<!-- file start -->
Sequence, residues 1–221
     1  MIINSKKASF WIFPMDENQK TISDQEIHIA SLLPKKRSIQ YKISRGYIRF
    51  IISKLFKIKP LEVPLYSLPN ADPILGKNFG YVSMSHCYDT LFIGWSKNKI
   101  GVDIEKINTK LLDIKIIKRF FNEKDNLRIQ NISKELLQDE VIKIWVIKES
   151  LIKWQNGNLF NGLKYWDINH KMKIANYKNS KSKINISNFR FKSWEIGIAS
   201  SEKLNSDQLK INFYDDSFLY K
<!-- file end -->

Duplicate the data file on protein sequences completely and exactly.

Sequence, residues 1–221
     1  MIINSKKASF WIFPMDENQK TISDQEIHIA SLLPKKRSIQ YKISRGYIRF
    51  IISKLFKIKP LEVPLYSLPN ADPILGKNFG YVSMSHCYDT LFIGWSKNKI
   101  GVDIEKINTK LLDIKIIKRF FNEKDNLRIQ NISKELLQDE VIKIWVIKES
   151  LIKWQNGNLF NGLKYWDINH KMKIANYKNS KSKINISNFR FKSWEIGIAS
   201  SEKLNSDQLK INFYDDSFLY K